Microsoft has announced a programme aimed at helping organisations using Windows XP Professional to ensure their PCs are compliant – and aiding those that find that they have computers that aren’t compliant through the channel.
The initiative comes 18 months after Microsoft began helping customers who found themselves in a similar position to make their versions of Windows valid – however, as Microsoft have testified, the same approach simply wouldn’t work for larger organisations with multiple licenses as Cori Hartje, the initiative’s director explained.
"This fills in the entire picture," said Hartje. "Consumers who had been identified as running a counterfeit [version of] Windows could simply push a button and have the purchase made right then. But we didn’t have a good way to programmatically address the same for larger-scale customers, particularly through the [reseller] channel."
She also said that it was unreasonable to expect larger customers to go through the same channel as customers and re-license every PC individually, saying that it would be more reasonable to expect them to go through their resellers.
"We also wanted something like this as a turnkey for the channel," she said. "This way, resellers will be able to offer [their customers] Microsoft financing, for example, as well as other services, such as Software Assurance."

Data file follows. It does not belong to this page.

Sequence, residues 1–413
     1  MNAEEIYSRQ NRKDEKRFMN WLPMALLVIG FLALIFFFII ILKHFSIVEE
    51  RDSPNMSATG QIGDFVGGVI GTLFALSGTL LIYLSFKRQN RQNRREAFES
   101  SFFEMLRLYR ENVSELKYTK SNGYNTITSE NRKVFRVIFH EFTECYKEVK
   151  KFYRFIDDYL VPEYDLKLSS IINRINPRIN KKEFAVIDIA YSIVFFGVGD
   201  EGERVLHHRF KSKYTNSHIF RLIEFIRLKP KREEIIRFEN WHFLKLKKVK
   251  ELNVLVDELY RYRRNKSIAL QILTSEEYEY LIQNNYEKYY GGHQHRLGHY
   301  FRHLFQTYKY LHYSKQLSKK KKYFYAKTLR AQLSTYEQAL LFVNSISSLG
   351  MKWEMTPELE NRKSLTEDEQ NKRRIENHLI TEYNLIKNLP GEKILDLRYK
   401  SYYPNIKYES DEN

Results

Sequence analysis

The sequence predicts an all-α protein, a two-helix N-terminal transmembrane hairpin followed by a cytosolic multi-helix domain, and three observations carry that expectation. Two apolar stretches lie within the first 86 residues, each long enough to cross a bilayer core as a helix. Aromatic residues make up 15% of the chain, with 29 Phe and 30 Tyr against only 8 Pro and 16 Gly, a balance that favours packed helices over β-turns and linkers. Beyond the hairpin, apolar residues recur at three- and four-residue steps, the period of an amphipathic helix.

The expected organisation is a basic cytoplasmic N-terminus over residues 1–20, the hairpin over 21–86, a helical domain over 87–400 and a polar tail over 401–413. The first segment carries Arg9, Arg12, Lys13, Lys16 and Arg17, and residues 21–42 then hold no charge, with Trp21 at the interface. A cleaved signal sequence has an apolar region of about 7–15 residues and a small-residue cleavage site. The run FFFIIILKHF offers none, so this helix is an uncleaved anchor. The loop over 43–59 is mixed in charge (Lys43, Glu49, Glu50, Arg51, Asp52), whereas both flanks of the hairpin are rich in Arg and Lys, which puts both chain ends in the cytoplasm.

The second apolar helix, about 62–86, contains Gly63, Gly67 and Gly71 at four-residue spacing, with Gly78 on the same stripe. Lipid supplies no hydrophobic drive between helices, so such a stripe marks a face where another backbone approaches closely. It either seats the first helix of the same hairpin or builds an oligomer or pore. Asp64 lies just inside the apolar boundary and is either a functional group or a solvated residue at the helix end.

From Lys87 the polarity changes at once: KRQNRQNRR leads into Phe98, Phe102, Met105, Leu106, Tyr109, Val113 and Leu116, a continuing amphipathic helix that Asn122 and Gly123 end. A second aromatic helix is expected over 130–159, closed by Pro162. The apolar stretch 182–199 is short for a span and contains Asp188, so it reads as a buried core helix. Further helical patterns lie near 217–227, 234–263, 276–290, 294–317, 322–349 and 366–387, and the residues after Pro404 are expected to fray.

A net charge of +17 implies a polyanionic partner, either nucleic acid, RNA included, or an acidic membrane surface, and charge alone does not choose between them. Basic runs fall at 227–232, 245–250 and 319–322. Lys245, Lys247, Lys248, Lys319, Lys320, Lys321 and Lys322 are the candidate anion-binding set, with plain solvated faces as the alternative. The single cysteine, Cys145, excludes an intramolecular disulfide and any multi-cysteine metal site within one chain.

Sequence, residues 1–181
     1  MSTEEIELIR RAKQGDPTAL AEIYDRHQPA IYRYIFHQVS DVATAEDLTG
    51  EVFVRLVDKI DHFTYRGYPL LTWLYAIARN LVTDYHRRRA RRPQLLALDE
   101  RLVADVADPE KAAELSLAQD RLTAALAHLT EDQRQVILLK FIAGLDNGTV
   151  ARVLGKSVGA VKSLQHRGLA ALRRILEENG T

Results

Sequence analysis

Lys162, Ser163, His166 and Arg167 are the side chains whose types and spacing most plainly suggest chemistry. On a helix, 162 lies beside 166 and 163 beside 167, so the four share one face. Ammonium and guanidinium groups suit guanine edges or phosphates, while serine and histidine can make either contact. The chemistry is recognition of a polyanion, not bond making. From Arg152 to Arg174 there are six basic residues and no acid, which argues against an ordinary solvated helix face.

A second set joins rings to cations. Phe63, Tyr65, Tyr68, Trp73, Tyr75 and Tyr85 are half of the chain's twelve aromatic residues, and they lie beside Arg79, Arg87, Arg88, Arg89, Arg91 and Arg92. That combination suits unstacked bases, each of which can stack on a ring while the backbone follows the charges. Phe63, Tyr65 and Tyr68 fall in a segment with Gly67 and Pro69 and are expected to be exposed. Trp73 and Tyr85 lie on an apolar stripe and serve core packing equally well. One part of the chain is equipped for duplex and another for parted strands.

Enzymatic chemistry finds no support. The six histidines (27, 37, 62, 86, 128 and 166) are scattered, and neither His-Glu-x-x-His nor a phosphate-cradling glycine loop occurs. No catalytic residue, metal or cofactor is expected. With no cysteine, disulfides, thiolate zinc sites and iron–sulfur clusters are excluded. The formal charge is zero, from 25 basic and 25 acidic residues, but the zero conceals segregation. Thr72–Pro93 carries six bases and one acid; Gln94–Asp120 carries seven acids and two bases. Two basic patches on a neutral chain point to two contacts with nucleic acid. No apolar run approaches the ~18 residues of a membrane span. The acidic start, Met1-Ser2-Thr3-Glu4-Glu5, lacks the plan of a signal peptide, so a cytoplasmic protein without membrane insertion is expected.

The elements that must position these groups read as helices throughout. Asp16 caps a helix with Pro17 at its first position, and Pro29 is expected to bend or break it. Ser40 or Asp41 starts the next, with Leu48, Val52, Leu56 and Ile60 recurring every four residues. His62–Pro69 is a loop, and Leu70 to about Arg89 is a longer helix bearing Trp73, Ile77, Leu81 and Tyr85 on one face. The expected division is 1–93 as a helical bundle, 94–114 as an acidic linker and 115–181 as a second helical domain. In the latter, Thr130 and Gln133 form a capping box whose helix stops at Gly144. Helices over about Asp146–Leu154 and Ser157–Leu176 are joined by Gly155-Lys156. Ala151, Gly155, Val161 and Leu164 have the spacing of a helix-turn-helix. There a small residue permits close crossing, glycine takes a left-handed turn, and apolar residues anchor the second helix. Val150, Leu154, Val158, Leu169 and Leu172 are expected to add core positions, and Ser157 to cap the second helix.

She highlighted examples such as when: "After an internal review, a company may find it has, for example, 2,000 machines that it got ‘naked.’ And they need a way to address that," it would be unreasonable and a colossal waste of resources to handle the issue one PC at a time.
She also explained the role that resellers could play in ensuring that their customers did not unintentionally "mislicence" their PCs saying that often the problem is simply down to companies thinking that they can buy in new PCs ‘naked’ or without an OS and then apply their volume licence agreement to the new PCs when often it is only meant for upgrades of PCs with operating systems already on them.
The announcement comes as Vista SP1 testers have become increasingly despondent with the update saying that it: "lacks wow."